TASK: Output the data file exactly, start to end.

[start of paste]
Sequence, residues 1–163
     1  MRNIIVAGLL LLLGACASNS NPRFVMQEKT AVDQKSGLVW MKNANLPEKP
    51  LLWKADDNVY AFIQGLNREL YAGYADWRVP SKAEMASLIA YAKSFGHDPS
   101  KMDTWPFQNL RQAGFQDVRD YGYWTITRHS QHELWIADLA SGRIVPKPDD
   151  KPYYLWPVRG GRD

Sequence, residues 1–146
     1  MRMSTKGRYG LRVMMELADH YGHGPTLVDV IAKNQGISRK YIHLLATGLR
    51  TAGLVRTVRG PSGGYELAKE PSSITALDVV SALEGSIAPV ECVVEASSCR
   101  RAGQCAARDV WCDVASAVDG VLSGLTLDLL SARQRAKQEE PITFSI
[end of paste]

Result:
Sequence, residues 1–163
     1  MRNIIVAGLL LLLGACASNS NPRFVMQEKT AVDQKSGLVW MKNANLPEKP
    51  LLWKADDNVY AFIQGLNREL YAGYADWRVP SKAEMASLIA YAKSFGHDPS
   101  KMDTWPFQNL RQAGFQDVRD YGYWTITRHS QHELWIADLA SGRIVPKPDD
   151  KPYYLWPVRG GRD

Sequence, residues 1–146
     1  MRMSTKGRYG LRVMMELADH YGHGPTLVDV IAKNQGISRK YIHLLATGLR
    51  TAGLVRTVRG PSGGYELAKE PSSITALDVV SALEGSIAPV ECVVEASSCR
   101  RAGQCAARDV WCDVASAVDG VLSGLTLDLL SARQRAKQEE PITFSI